A family feud being played out in public between Singapore's prime minister and his siblings took an acrimonious turn today, with accusations their late father's will had been tampered with.
Tightly-ruled Singapore has been transfixed for days by the bitter row raging among the offspring of revered founding leader Lee Kuan Yew, a family that is the closest the city state has to royalty.
Allegations of cheating, lying and dynasty-building have been hurled, with claims his will had been altered without his knowledge 15 months before he died.
"I continue to have grave concerns about the events surrounding the making of the Last Will," Prime Minister Lee Hsien Loong wrote on his Facebook page.
"I am not aware of any facts which suggest that (the elder Lee) was informed or advised... About all the changes that were made when he signed the Final Will."
The premier's sister, Lee Wei Ling, shot back, releasing a trove of private family emails disputing the claims.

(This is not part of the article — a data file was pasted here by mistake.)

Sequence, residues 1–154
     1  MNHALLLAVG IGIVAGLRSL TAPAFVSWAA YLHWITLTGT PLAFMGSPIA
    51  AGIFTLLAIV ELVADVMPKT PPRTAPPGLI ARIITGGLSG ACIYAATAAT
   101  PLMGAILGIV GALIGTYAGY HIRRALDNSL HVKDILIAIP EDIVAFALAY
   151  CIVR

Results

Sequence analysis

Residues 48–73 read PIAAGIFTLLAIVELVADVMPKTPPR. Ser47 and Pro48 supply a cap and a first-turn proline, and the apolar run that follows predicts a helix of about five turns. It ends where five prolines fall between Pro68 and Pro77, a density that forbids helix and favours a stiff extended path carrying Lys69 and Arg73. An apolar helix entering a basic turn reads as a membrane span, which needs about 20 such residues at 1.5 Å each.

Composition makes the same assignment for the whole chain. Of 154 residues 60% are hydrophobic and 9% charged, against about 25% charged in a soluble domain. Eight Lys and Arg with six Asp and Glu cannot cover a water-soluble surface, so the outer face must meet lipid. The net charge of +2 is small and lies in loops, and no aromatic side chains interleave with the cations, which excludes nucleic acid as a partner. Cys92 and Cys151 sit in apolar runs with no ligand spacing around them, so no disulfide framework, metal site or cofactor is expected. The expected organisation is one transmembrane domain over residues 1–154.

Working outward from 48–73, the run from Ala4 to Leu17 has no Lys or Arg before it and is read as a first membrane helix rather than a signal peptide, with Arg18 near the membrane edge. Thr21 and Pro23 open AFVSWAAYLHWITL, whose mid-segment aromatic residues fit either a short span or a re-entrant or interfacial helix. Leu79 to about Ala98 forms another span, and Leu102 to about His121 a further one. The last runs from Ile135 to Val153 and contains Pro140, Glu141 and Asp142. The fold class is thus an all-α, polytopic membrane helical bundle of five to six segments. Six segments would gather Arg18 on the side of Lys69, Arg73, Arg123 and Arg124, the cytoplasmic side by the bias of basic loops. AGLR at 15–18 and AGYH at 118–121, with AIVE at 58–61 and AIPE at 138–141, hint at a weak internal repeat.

The row centres on a clause in the will that says Lee senior's house should be "demolished immediately after my death".
Lee feared the pre-World War II bungalow could become some sort of shrine to a man credited with transforming Singapore from a backwater entrepot into one of Asia's richest countries.
He is said to have wanted to avoid the kind of personality cult that can develop around strongman leaders.
But his two younger children say their prime minister brother is attempting to block that demolition, and is looking to exploit their father's legacy to bolster his own prestige and to establish his son as a future leader.
Wei Ling in her own Facebook posts released private email exchanges "as further evidence... Establishing that LHL's (the prime minister's initials) allegations are false".
(This story has not been edited by Business Standard staff and is auto-generated from a syndicated feed.)